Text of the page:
Yet after steadfastly resisting opportunities in the last 70 years to squarely resolve this incredibly important question concerning the rights of recent entrants, the Court did so in less than three pages tacked on to the end of the Thuraissigiam opinion. The Court stated that Thuraissigiam had no Due Process rights with respect to his application for admission, even though he had been arrested within U.S. territory. In doing so it both doubled down on the “entry fiction” doctrine applied at the border and extended that rule into the interior—to an uncertain extent.

That the Court decided this question after more than one hundred years is itself remarkable. That it did so without any mention of (or engagement with) the long-running doctrinal debate surrounding this thorny due process issue is highly extraordinary. Again, this is not judicial minimalism.

Denying All Constitutional Rights to Recent Entrants?

Perhaps the most disturbing possibility arising from the Court’s extreme approach in USAID and Thuraissigiam comes when one considers them together. In responding to Thuraissigiam’s assertion that his summary removal violated the Due Process Clause, the Court held that he could not challenge his removal on due process grounds because he had to be “treated for due process purposes as if stopped at the border.” If one combines this with the newly-minted principle from USAID, “that foreign citizens outside U.S. territory do not possess rights under the U.S. Constitution,” does it follow that Thuraissigiam too has literally no rights under the U.S. Constitution? If so, then far more is at stake than just due process rights regarding Thuraissigiam’s application for admission.

Thuraissigiam itself does not say this, and we think for good reason. The Court was quite clear that Thuraissigiam, like people stopped at the border itself, was “on U.S. soil.” The entry fiction is applied by the Court only to limit his due process right to challenge “the procedures to be followed in determining whether [he] should be admitted.” Nothing in the Court’s opinion suggests he could not have challenged other government conduct, such as torture.

In fact, in an opinion otherwise bereft of any recognition that Thuraissigiam had any rights at all, the Court’s penultimate paragraph appears to recognize that he has a right to the procedures Congress put in place (here a “determination” on whether he had a “significant possibility” of obtaining asylum), although only because those minimal rights are guaranteed by the statute. At least implicitly, therefore, the Court appears to be respecting some historical limits on the entry fiction doctrine. But who knows whether such limits will be recognized by lower courts or sustained by the Supreme Court in future cases. Indeed, some commentators have already begun to read the Court’s holdings in USAID and Thurassigiam (mistakenly in our view) as spelling the demise of all constitutional rights for recent border crossers. And it would be no surprise if some lower courts soon read the cases together to reach that draconian conclusion.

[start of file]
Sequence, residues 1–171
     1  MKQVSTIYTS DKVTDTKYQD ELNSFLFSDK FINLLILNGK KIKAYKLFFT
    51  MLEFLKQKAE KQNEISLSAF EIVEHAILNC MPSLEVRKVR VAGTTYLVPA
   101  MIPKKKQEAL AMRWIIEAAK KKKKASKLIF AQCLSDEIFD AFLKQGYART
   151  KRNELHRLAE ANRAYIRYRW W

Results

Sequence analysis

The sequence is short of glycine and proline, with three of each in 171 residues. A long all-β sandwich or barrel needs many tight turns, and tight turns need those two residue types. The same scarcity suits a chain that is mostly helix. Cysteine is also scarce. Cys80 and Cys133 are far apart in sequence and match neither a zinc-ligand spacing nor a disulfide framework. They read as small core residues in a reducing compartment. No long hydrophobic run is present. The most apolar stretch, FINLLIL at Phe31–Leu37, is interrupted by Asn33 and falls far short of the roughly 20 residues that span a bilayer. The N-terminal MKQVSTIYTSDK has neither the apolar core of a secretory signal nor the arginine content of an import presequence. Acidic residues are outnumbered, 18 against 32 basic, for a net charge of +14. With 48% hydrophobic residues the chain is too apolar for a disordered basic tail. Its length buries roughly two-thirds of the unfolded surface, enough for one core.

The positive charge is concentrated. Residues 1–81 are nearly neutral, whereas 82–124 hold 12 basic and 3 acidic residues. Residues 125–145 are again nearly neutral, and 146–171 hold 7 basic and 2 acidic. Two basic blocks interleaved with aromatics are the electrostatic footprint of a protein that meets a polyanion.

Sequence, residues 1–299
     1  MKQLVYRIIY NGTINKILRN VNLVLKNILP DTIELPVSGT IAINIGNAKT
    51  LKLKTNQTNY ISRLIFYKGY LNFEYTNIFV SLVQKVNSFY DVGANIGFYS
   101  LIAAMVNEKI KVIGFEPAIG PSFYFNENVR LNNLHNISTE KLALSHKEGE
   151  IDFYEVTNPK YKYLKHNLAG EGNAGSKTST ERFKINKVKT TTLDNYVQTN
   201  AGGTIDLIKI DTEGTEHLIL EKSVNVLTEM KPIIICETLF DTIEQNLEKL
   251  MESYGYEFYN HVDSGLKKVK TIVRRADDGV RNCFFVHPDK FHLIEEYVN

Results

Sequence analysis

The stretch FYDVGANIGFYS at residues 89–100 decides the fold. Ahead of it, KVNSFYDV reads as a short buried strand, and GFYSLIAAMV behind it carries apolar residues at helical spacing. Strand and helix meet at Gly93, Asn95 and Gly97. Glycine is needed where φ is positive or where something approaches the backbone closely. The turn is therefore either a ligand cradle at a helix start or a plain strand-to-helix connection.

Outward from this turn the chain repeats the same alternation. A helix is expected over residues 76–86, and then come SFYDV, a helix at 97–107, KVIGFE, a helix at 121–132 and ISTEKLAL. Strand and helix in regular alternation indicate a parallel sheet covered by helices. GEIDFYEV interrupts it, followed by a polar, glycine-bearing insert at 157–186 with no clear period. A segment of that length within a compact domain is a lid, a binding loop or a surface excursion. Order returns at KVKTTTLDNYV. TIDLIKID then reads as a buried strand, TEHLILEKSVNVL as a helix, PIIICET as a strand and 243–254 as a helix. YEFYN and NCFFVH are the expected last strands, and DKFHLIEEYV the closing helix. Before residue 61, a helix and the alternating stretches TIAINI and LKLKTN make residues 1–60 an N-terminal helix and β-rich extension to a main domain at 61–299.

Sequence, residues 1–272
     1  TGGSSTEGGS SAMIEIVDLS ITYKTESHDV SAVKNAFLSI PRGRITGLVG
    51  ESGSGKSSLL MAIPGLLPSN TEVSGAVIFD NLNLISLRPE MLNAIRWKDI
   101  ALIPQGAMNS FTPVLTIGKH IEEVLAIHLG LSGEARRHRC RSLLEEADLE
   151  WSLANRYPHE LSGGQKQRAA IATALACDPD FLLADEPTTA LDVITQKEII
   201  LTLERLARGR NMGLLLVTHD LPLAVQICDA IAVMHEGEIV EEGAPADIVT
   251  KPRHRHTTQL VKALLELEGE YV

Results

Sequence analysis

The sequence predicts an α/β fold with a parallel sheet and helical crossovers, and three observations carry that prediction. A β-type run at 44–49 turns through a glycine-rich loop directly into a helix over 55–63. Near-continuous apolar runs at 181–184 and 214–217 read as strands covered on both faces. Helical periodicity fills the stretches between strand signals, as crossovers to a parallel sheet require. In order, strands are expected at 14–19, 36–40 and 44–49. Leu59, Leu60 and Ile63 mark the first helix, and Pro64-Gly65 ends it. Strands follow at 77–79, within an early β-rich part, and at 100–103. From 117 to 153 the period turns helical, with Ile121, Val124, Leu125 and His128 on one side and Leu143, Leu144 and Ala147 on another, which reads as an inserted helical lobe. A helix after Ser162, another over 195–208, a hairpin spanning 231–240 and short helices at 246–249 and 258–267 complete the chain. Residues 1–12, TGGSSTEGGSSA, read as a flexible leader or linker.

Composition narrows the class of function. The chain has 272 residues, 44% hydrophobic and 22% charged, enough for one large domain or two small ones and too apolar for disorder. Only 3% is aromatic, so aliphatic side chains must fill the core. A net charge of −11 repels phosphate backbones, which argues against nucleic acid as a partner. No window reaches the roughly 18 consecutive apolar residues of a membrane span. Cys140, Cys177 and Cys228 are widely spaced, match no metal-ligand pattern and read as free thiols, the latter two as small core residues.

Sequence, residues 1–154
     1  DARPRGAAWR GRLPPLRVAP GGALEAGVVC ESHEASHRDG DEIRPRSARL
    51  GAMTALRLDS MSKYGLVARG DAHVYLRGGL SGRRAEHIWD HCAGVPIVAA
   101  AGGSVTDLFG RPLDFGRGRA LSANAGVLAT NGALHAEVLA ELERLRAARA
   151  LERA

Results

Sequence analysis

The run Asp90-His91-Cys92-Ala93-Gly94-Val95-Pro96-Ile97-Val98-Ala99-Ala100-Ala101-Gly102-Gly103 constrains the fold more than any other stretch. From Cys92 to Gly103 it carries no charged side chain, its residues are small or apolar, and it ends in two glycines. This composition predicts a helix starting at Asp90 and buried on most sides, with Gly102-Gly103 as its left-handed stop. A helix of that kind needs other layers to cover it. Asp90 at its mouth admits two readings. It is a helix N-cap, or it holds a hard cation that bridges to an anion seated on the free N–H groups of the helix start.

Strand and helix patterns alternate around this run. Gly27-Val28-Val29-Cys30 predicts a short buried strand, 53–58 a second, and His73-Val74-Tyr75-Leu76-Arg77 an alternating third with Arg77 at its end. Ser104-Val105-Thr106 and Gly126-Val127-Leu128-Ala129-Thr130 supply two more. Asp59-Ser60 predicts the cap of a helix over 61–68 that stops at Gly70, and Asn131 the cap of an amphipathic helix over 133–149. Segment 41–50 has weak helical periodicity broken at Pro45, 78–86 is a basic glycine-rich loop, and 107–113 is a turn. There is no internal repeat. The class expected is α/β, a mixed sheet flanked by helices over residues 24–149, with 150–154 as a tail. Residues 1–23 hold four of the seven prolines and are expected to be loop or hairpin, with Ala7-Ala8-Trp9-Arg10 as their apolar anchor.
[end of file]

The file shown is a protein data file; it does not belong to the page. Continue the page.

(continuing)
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Attempting to find a common theme in the decisions of a single term is always a hazardous enterprise, and that is particularly true here, where the short-term effect of the Court’s most widely-anticipated immigration case (by far) was to preserve the immigration status of nearly 700,000 people. But as our detailed review suggests, the picture is not so simple. In USAID and Thuraissigiam, the Roberts Court has dramatically enhanced the government’s power over noncitizens, going where prior Supreme Court justices had been unwilling to go for decades. Years from now, we may well view these cases as having done far more to undermine the rights of noncitizens than Regents did to uphold them. Whether or not one views this as a positive development, it is not the product of a restrained approach. 

About the Author(s)

Ahilan Arulanantham

Ahilan Arulanantham is Senior Counsel at the ACLU of Southern California. He has taught on Preventive Detention at the University of Chicago and University of Irvine law schools. In 2016 he received a MacArthur Foundation Fellowship. Follow him on Twitter @ahilan_toolong.

Adam Cox

Robert A. Kindler Professor of Law at NYU School of Law. Co-author, with Cristina Rodríguez, of The President and Immigration Law, from Oxford University Press. Follow him on Twitter @adambcox.